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Building healthier cities for seniors

January 04, 2019

Home Blog Research & intelligence Building healthier cities for seniors

The implications of urbanization on seniors.

Urban planning isn’t just about streets, sewers, and water lines. The influence of urban planning on health is significant and there are aspects that affect the health of the entire population, but this post will explore how urban planning interacts with the health of older adults through social isolation.

As cities grow denser, there is evidence to suggest greater urbanization increases feelings of social isolation, all the while, people express a desire for more contact with their neighbors. Urban planning is showing to be a leading cause of such negative feelings. The built environment is creating more barriers to social interaction and increasing loneliness.

The U.K. made the Parliamentary Under Secretary of State for State for Sport and Civil Society responsible for cross-government work on loneliness in 2017. Given social isolation’s link to increased mental health issues, increased risk of chronic health issues and even early death, Australian politicians and the Australian Coalition to End Loneliness have advocated for a similar official in that country. Other health advocates such as Isobel Mackenzie, a senior advocate in Canada, debate whether government intervention is the right approach.

Undertaken with the 30-year-old athletic in mind, modern urban planning sometimes ignores or under-appreciates the needs of seniors living in cities across North America. It’s important to note that the needs of seniors in the domain of social isolation are also far more complex than building a level walking path or creating a senior-friendly playground and expecting the best. Motivation is an essential aspect of the equation.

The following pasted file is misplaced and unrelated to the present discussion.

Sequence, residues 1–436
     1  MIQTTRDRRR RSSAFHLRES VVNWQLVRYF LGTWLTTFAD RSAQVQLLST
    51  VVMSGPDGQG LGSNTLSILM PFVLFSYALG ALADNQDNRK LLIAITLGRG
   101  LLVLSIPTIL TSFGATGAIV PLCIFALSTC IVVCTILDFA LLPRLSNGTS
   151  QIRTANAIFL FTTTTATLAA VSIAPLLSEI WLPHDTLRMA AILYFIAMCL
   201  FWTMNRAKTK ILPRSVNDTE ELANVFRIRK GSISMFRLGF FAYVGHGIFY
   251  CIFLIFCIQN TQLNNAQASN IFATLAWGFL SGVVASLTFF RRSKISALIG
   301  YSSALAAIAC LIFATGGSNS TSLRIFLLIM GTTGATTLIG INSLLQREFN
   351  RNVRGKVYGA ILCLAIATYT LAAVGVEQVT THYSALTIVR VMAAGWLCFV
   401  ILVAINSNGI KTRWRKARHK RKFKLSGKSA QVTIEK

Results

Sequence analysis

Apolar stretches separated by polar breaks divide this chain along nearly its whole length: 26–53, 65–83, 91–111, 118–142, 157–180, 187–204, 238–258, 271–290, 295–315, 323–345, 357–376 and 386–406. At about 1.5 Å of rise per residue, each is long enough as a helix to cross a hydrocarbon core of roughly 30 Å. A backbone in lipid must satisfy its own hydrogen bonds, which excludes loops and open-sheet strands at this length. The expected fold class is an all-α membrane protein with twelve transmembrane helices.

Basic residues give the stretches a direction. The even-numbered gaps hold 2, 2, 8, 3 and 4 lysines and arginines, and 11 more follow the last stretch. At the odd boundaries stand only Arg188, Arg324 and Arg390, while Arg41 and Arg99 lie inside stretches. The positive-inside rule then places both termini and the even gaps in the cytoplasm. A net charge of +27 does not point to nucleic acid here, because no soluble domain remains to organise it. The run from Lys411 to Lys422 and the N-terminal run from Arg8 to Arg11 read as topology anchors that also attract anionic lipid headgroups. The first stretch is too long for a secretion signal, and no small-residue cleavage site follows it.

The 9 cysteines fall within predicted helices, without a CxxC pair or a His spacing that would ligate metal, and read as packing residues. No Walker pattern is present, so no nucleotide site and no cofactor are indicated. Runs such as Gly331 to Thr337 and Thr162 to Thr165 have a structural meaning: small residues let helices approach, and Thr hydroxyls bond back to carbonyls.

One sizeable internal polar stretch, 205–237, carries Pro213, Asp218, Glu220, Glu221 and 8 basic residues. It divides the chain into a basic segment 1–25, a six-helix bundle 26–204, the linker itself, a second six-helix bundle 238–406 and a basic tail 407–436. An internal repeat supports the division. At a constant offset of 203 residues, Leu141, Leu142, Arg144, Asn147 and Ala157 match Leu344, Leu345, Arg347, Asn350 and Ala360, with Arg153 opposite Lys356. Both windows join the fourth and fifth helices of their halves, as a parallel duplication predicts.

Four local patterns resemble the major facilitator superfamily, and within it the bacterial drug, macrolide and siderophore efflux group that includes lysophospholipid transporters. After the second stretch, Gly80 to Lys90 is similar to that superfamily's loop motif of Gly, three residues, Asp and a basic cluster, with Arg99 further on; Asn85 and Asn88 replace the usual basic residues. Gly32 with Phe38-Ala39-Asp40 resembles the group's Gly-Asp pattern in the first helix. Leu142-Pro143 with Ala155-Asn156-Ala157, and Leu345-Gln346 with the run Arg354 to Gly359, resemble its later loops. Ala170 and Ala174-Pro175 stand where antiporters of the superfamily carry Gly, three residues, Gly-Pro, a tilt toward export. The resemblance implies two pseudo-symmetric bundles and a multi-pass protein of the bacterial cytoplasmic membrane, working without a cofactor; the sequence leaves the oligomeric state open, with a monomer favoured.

Emotions and feelings can provide both stimulants and barriers to increased walking by seniors. For example, while watching and listening to young children play in a park can lift the spirits of some seniors and encourage them to return, other elderly may experience greater feelings of isolation and depression because they can’t participate or being in the park brings memories of relatives, friends and times long past, argues planning scholar Emerald Lee.

Other policy experts recommend that to tackle this problem, urban planners must encourage natural ways to get seniors to connect with their communities. Decision-makers must prioritize green space in city development, but in such a way that pedestrian zones, parks and markets interact and bring seniors in as opposed to being onlookers.

Social isolation is a cause of poorer mental health outcomes among all demographics, but seniors, due to a lack personal resources, advocacy, transportation issues and even poor weather conditions, can be prisoners in their own homes. They become locked in by urban planning decisions that didn’t recognize the complexity or scale of their health needs.

Successful senior and caregiving advocates remain continuously well-informed of the social and mental health consequences of similar developments and rely on them to reach conclusions for legislative and regulatory demands.

Connect with us on LinkedIn for more updates from legal services, and the wider market intelligence industry.


This article was originally published on ShiftCentral, now part of LAC Group.

David Gingras

David Gingras

David Gingras is Senior Editor and focuses on tracking issues relevant to the retirement space, from health and longevity advancements to financial planning and technology.
David Gingras

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